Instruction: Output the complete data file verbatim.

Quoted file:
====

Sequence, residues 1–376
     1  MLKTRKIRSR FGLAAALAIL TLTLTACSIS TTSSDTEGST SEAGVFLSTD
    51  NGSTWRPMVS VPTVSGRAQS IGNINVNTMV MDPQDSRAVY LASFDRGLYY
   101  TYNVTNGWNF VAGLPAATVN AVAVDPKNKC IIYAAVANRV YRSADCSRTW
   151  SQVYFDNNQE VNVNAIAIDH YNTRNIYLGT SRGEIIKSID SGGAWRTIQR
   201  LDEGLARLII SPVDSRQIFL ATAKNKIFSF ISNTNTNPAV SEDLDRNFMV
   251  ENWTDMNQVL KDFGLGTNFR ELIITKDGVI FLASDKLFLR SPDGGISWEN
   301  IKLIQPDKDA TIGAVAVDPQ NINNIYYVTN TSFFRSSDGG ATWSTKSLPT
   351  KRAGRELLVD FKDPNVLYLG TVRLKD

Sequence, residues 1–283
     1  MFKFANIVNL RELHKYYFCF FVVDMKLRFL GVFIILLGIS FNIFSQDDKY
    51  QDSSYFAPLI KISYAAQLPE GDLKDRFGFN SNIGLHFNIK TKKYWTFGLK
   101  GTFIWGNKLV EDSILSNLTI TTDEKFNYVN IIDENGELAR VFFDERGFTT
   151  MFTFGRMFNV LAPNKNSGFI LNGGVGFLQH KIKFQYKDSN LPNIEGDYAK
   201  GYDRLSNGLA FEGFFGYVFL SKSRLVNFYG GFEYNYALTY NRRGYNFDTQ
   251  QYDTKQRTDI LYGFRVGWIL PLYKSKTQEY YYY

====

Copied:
Sequence, residues 1–376
     1  MLKTRKIRSR FGLAAALAIL TLTLTACSIS TTSSDTEGST SEAGVFLSTD
    51  NGSTWRPMVS VPTVSGRAQS IGNINVNTMV MDPQDSRAVY LASFDRGLYY
   101  TYNVTNGWNF VAGLPAATVN AVAVDPKNKC IIYAAVANRV YRSADCSRTW
   151  SQVYFDNNQE VNVNAIAIDH YNTRNIYLGT SRGEIIKSID SGGAWRTIQR
   201  LDEGLARLII SPVDSRQIFL ATAKNKIFSF ISNTNTNPAV SEDLDRNFMV
   251  ENWTDMNQVL KDFGLGTNFR ELIITKDGVI FLASDKLFLR SPDGGISWEN
   301  IKLIQPDKDA TIGAVAVDPQ NINNIYYVTN TSFFRSSDGG ATWSTKSLPT
   351  KRAGRELLVD FKDPNVLYLG TVRLKD

Sequence, residues 1–283
     1  MFKFANIVNL RELHKYYFCF FVVDMKLRFL GVFIILLGIS FNIFSQDDKY
    51  QDSSYFAPLI KISYAAQLPE GDLKDRFGFN SNIGLHFNIK TKKYWTFGLK
   101  GTFIWGNKLV EDSILSNLTI TTDEKFNYVN IIDENGELAR VFFDERGFTT
   151  MFTFGRMFNV LAPNKNSGFI LNGGVGFLQH KIKFQYKDSN LPNIEGDYAK
   201  GYDRLSNGLA FEGFFGYVFL SKSRLVNFYG GFEYNYALTY NRRGYNFDTQ
   251  QYDTKQRTDI LYGFRVGWIL PLYKSKTQEY YYY